Updated NHF guidelines aim to improve emergency care

Updated NHF Guidelines Aim to Improve Emergency Care

Revised guidelines help ensure all people with bleeding disorders get prompt and appropriate medical treatment in the emergency department
Author: Denise Schipani | Illustration by Alessandro Gottardo

In September 2017, the National Hemophilia Foundation’s Medical and Scientific Advisory Council (MASAC) adopted updated guidelines for the treatment of people with bleeding disorders in hospital emergency departments (EDs).

The original guidelines were developed after Hurricane Katrina devastated New Orleans in 2005. Many residents ended up relocating to Houston—and some of those people had bleeding disorders. “It was a scramble for the Houston treatment center to get information from the director of the New Orleans treatment center about these patients,” says Marion Koerper, MD, a current member and former vice chair of MASAC and professor emerita of pediatric hematology at University of California, San Francisco School of Medicine. People who were displaced didn’t have their prescriptions for clotting factor, much less detailed medical records.


Emergency treatment guidelines

After Katrina, Koerper set out to draft guidelines that would help ED doctors, nurses and other staff understand and treat people with a range of bleeding disorders. Once MASAC approved the document, it was reviewed and approved by the National Hemophilia Foundation (NHF) Board of Directors and posted on the NHF website.

So why update the ED guidelines now? Because, as Koerper explains, a lot has changed over the years in terms of types of clotting factor and advances in treatment. The recommendations were also reordered so the most relevant and urgent information is at the top. Triage was the most crucial aspect of the guidelines to get across to ED staff, says Koerper. “We had that lower down in the document in the earlier version, and it should really be stated up front that a person with a bleeding disorder who comes into an ED should be triaged for immediate care—not wait for hours and not have to undergo scans and tests before being given factor,” she says.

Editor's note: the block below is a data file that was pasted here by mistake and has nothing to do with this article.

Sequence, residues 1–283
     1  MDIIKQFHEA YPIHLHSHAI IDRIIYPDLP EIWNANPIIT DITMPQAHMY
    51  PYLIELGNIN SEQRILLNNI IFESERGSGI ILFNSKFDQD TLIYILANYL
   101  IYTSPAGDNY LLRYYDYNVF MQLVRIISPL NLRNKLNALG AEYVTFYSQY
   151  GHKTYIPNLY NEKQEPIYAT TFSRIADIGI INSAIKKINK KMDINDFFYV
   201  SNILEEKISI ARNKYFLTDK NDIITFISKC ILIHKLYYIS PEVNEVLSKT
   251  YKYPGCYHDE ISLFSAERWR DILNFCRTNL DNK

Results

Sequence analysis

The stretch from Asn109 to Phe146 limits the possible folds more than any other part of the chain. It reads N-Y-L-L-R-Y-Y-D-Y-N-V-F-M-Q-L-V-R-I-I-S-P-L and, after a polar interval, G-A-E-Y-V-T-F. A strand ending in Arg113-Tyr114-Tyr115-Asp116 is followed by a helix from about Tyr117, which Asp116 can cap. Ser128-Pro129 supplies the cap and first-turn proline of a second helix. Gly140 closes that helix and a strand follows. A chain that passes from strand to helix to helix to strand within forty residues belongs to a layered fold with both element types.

Being prepared for an ED visit

Anyone can end up in the emergency room after an accident, and that’s when the guidelines can come in handy—or save a life. The more medical professionals are exposed to the guidelines, the more they understand appropriate management of bleeding disorders.

People with bleeding disorders and their families should also know the updated information so they can correctly communicate to unfamiliar medical staff, says Mary Lesh, RN, MS, CPNP, a hematology nurse practitioner at the University of California Benioff Children’s Hospital in San Francisco. Lesh says she and others like her are available to help.

“When patients come to the HTC for annual visits or other appointments, we make sure they know how to contact a 24-hour hematologist,” says Lesh. “We explain that we want them to call us if they’re going to an ED. Or we may even try to identify which ED a patient would be likely to visit in an emergency and reach out to them in advance.”

What’s in the Guidelines?

The most important features of the original emergency room guidelines remain. It’s the emphasis that’s shifted. Here are the top points:

Triage: A patient with a bleed needs to be treated with factor immediately. To emergency department (ED) staff unfamiliar with bleeding disorders, however, a bleed isn’t always obvious. “A lot of ED personnel think bleeding means they can see blood. They may not understand that it may be internal,” says Marion Koerper, MD, a member of National Hemophilia Foundation’s Medical and Scientific Advisory Council. This can lead to dangerous wait times for the patient. If possible, ED staff should consult with the patient’s hematologist or a hemophilia treatment center.

Assessment: Though it’s normal for ED staff to do a physical exam and take a clinical history to make a diagnosis and determine treatment, people with bleeding disorders should be treated based solely on clinical history or a suspicion of a bleed—before waiting for test results.

Diagnostic testing: Factor should be administered before any diagnostic tests, such as X-rays or CAT scans. This is especially critical in the case of head trauma, where intracranial bleeding can be fatal. And if any invasive tests are necessary (such as a lumbar puncture), the patient should always have factor therapy first.

Read the full MASAC recommendation, “Guidelines for Emergency Department Management of Individuals with Hemophilia and Other Bleeding Disorders